And you likewise, Dear Marianne. 




Marianne, as I look back at our conversation...I thought of something I read long ago...do you recall ever reading that the great Goethe had a sister? That she is believed to be as intelligent as he, wonderful insight and spirituality, like her brother; but because she was a woman, all avenues to express her talents were closed to her? Then if I recall, she died young?


Oh yes, she was his only surviving sibling who made it into adulthood, and she was educated much like her brother and as intelligent as him (and even wiser); yes, she suffered from the burdensome conditions of being a woman in these times, and she died too young, at the age of 26:


Maybe that Charlotte von Stein had something in common with his beloved sister, whom he lost too early:


But Goethe had too many relationships ...


Hi Marianne...the link gives information that seems to suggests Goethe's relationship with Charlotte von Stein was a romantic one? I found both the links quite poignant. With sister Cornelia it does sound like there are also some early traumas, perhaps some early mental instability or frailty? She blamed her father for making her study too much, and depriving her of the joys of childhood; well, I suppose we can not now ever know the whole story...

Anyway, thank you for some insights into Goethe. I have admired him so much I seem to have idealized him, when he did after all (like all of us) have human frailties.


Lol - you're very welcome, Virginia.

Goethe was said to have had quite a few romantic affairs - like so many of the idealised heroes, writers, painters, musicians, philosophers, leaders and other celebrities. But in these times, women had no real saying.

And yes, Frau von Stein was probably one of his preferred romantic relationships.


Marianne, I seem to recall that Goethe fell in love with a working class woman, working in a factory. She came to live in his home, but he would not marry her...not until she became ill, and then he married her on her deathbed?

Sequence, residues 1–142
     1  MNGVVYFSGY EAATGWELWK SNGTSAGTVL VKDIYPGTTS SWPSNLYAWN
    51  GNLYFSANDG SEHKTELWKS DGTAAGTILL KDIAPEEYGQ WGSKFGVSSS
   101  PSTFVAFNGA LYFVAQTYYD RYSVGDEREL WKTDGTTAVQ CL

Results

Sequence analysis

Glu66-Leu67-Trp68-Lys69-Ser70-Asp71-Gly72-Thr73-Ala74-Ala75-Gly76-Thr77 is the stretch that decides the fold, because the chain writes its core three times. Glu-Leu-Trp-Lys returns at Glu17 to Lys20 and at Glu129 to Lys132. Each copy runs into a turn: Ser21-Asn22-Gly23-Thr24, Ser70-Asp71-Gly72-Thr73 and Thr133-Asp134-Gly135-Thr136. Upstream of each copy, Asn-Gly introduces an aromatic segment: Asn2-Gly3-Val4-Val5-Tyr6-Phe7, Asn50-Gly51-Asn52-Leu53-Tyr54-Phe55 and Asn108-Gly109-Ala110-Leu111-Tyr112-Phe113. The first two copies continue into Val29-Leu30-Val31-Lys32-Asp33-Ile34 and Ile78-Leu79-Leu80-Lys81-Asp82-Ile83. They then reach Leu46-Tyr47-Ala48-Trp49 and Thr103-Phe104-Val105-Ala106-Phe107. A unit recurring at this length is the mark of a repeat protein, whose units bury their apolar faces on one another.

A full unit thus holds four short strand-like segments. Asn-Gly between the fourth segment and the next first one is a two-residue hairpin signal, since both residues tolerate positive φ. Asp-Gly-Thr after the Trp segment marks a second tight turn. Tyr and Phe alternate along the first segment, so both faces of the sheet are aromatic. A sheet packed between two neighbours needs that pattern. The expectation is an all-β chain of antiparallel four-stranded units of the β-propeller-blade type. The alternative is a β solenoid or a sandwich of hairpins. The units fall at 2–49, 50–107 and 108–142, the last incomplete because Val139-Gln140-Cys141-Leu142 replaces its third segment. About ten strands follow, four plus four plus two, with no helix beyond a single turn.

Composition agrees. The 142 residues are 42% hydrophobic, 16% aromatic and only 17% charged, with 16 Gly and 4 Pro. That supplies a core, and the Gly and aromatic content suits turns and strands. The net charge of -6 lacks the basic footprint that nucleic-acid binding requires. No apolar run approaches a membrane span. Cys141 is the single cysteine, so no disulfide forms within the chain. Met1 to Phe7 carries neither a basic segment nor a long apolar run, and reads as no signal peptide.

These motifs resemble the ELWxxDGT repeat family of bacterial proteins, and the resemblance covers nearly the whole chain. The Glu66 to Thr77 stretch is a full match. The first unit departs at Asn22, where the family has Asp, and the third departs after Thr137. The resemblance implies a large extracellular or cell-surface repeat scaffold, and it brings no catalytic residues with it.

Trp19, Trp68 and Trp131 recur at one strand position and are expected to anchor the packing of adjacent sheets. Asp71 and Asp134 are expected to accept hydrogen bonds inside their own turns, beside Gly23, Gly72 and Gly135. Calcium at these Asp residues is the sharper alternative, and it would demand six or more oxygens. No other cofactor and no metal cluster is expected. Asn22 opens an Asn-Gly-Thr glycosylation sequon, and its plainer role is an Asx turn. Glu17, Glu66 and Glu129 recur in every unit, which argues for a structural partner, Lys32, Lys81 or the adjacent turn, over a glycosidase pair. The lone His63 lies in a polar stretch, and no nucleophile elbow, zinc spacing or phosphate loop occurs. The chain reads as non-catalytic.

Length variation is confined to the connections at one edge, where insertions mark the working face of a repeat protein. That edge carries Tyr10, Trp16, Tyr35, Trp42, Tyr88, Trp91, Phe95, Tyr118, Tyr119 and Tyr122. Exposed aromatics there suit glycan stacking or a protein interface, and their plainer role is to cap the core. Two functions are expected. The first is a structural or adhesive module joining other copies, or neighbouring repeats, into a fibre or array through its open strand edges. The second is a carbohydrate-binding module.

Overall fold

I am not quite sure, Virginia, are you referring to Christiane Vulpius?

The story is, though, a bit different:



Yes Marianne, I feel certain the woman I was remembering was Christiane Vulpius...but they married ten years before her death!

I looked up Goethe on Wikipedia...he is too sexually "free" for me...his defense of pederasty for example...but I did like this part very much:

Goethe was also a cultural force, who argued that the organic nature of the land moulded the people and their customs—an argument that has recurred ever since. He argued that laws could not be created by pure rationalism, since geography and history shaped habits and patterns. This stood in sharp contrast to the prevailing Enlightenment view that reason was sufficient to create well-ordered societies and good laws.


Yes, Virginia, I fully agree with you, the geographical, climatic and natural environment, the resources, knowledge and conditions were rarely respected, and you can't delete history and sequels of disasters and wars; it is like with the inviduals - you cannot standardise and categorise person's abilities, skills and handicaps, beliefs, thoughts, experiences, emotions, and/or feelings according to market requirements - nobody can love or hate on command, and the natural chemistry involved is still insufficiently explained, while our justice systems fail too often. On the other hand "enlightment" should help to understand better the other person and to help them to evolve.


Marianne, I am coming rather new to the ideas that capitalism and the demands of markets cannot define the limits of humankind...but clearly, you have already given this much thought!


Well, Virginia, our planet has its limits, and our systems are neglecting quite a few physical and mental aspects - or omitting certain potentials.


Marianne, as for omitting certain potentials...I am learning from you that Europe, the home of my ancestors, has many maybe more of the same quandaries as here in the USA...

Back to the idea of Goethe, that the organic nature of the land moulds the people and their customs, I remember traveling through the beautiful Sonoran desert of Arizona in 1997 - and I realized; 

We have come from Europe, and never really made a connection with THIS land. 

We never really allowed ourselves to become attuned to the land here...we brought our houses and our culture, and pasted all that over the top! That was quite an insight, an awakening, for me...

+3 votes

Happy Fourth of July Rooster and everyone at Questions. Love the firework streamer Rooster. I cant wait to watch the fireworks from my balcony on the Fourth of July. They have the fireworks at the beach 4 miles away and we can see it from our house. Its great. Wish you could fly out and see for yourself, we could always cook you up an extra burger. lol

+2 votes

Happy Independence Day !

To my friends across the Ocean:

may this day of bright emotion

be more than a festive notion,

or abusing of some potion;

it is not one day's devotion

for a mercantile promotion.

Think about your true vocation,

and, whatever your location,

don't forget, it is your nation,

nature's gifts and life's pulsation;

while your people seeks salvation,

there's some space for contemplation!